Let ##V\subset\mathbb{R}^3## be an infinitely high solid cylinder, or a cylindrical shell of radii ##R_1<R_2##, whose axis has the direction of the unit vector ##\mathbf{k}##.(adsbygoogle = window.adsbygoogle || []).push({});

For any point of coordinates ##\boldsymbol{r}\notin \bar{V}## external to ##V## the Lebesgue integral (which is proportional to the magnetic field generated by a uniform current flowing through ##V## in the ##\mathbf{k}## direction) $$\int_V\frac{\mathbf{k}\times(\boldsymbol{r}-\boldsymbol{x})}{\|\boldsymbol{r}-\boldsymbol{x}\|^3}d\mu_{\boldsymbol{x}},$$where ##\mu## is the 3-dimensional Lebesgue measure, converges, as it can be proved by using the fact that the asbsolute value of the components of ##\frac{\mathbf{k}\times(\boldsymbol{r}-\boldsymbol{x})}{\|\boldsymbol{r}-\boldsymbol{x}\|^3}## are less than or equal to

##\frac{\|\mathbf{k}\times(\boldsymbol{r}-\boldsymbol{x})\|}{\|\boldsymbol{r}-\boldsymbol{x}\|^3}\le\frac{1}{\|\boldsymbol{r}-\boldsymbol{x}\|^2}##, and the integral $$\int_V\frac{1}{\|\boldsymbol{r}-\boldsymbol{x}\|^2}d\mu_{\boldsymbol{x}}$$ exists finite,provided that##\boldsymbol{r}\notin \bar{V}##. Nevertheless, if ##\boldsymbol{r}\in \bar{V}##, then ##\int_V\frac{1}{\|\boldsymbol{r}-\boldsymbol{x}\|^2}d\mu_{\boldsymbol{x}}## does not exist finite.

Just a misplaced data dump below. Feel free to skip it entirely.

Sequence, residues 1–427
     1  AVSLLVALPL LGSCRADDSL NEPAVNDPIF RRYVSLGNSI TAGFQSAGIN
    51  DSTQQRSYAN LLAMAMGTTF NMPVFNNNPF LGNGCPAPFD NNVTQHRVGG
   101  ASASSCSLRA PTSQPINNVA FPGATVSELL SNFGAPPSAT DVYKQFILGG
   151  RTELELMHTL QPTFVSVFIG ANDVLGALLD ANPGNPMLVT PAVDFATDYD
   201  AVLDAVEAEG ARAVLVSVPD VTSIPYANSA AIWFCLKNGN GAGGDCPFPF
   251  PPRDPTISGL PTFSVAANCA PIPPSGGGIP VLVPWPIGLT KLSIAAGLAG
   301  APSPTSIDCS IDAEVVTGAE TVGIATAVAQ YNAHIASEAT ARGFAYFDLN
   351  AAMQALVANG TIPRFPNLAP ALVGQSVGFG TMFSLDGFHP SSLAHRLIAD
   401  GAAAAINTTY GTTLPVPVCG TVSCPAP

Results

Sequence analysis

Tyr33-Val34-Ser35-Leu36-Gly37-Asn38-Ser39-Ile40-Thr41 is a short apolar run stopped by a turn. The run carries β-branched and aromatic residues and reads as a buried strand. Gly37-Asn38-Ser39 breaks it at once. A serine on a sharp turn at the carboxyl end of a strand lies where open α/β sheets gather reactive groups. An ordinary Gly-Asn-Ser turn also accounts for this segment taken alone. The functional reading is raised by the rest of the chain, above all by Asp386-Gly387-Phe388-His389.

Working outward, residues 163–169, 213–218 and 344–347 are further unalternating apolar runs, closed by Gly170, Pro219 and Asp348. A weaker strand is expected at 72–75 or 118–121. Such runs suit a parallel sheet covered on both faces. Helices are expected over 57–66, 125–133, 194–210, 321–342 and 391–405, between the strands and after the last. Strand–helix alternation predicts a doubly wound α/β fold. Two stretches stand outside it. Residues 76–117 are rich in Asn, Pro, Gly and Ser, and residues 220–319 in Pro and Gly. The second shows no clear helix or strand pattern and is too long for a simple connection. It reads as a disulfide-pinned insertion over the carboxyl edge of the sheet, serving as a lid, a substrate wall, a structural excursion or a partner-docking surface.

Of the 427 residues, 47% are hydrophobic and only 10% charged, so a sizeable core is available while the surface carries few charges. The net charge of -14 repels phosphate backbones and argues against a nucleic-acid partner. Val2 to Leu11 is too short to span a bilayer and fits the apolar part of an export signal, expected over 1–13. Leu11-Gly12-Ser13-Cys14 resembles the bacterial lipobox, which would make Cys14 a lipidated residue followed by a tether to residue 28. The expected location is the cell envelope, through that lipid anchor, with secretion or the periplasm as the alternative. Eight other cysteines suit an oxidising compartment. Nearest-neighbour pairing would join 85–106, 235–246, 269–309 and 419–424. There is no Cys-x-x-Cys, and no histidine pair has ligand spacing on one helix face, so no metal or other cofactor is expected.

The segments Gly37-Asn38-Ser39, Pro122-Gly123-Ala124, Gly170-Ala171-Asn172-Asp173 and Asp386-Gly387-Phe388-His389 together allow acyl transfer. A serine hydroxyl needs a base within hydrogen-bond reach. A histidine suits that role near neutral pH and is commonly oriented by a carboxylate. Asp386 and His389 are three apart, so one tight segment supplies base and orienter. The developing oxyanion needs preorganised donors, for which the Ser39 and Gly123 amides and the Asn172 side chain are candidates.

Can we prove that ##\int_V\frac{\mathbf{k}\times(\boldsymbol{r}-\boldsymbol{x})}{\|\boldsymbol{r}-\boldsymbol{x}\|^3}d\mu_{\boldsymbol{x}}## exists finite (by assigning to the integrand function an arbitrary value at ##\boldsymbol{x}=\boldsymbol{r}##) even if ##\boldsymbol{r}\in \bar{V}##?

I have not found a way to prove it and I am inclined to suspect, by an intuitive analogy with ##\int_V\frac{1}{\|\boldsymbol{r}-\boldsymbol{x}\|^2}##, that such an integral does not converge, but I would like to have a confirmation...

I heartily thank any answerer!

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# I Integral: magnetic field inside infinite cylindrical current

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